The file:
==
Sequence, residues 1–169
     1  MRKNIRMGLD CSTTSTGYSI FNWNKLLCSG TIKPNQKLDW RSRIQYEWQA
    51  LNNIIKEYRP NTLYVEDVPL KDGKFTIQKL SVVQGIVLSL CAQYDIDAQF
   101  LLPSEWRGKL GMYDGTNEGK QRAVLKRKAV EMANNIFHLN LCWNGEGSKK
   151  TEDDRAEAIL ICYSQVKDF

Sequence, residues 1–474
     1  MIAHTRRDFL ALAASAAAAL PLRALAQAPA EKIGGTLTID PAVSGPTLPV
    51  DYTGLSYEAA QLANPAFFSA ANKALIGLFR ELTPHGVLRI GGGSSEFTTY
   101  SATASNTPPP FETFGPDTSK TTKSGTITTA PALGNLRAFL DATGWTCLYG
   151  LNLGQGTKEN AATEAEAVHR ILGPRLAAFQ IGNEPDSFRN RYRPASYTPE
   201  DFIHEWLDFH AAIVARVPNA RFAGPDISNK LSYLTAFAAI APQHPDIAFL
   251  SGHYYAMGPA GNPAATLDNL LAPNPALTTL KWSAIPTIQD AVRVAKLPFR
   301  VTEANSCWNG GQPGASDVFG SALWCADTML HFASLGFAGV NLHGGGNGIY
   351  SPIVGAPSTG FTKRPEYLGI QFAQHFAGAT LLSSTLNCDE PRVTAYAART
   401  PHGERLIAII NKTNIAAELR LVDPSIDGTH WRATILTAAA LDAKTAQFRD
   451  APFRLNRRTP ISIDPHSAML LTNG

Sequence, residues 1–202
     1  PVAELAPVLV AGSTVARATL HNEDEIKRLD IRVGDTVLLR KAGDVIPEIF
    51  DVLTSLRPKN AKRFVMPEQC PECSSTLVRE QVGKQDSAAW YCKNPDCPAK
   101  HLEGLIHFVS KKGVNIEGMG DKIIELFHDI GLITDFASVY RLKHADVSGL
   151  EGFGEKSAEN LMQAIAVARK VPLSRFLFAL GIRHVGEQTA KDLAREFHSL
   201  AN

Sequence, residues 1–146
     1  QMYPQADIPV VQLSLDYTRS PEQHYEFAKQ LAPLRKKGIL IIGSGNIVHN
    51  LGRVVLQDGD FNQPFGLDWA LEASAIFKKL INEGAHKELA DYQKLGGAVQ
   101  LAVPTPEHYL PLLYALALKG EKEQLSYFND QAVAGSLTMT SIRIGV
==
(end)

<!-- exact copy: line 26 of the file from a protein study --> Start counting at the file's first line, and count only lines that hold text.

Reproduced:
   101  LAVPTPEHYL PLLYALALKG EKEQLSYFND QAVAGSLTMT SIRIGV